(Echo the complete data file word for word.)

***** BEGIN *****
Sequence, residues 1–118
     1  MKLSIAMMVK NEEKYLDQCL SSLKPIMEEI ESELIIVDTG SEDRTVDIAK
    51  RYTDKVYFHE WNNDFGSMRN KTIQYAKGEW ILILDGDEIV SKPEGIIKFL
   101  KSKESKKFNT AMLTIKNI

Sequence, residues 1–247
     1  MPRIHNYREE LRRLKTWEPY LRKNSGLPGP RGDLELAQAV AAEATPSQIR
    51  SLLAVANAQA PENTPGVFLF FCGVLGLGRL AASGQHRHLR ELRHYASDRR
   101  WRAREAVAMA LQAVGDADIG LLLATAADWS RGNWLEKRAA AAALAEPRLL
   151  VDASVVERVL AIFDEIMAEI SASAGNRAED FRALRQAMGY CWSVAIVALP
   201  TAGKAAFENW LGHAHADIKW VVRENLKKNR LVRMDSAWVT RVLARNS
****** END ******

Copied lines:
Sequence, residues 1–118
     1  MKLSIAMMVK NEEKYLDQCL SSLKPIMEEI ESELIIVDTG SEDRTVDIAK
    51  RYTDKVYFHE WNNDFGSMRN KTIQYAKGEW ILILDGDEIV SKPEGIIKFL
   101  KSKESKKFNT AMLTIKNI

Sequence, residues 1–247
     1  MPRIHNYREE LRRLKTWEPY LRKNSGLPGP RGDLELAQAV AAEATPSQIR
    51  SLLAVANAQA PENTPGVFLF FCGVLGLGRL AASGQHRHLR ELRHYASDRR
   101  WRAREAVAMA LQAVGDADIG LLLATAADWS RGNWLEKRAA AAALAEPRLL
   151  VDASVVERVL AIFDEIMAEI SASAGNRAED FRALRQAMGY CWSVAIVALP
   201  TAGKAAFENW LGHAHADIKW VVRENLKKNR LVRMDSAWVT RVLARNS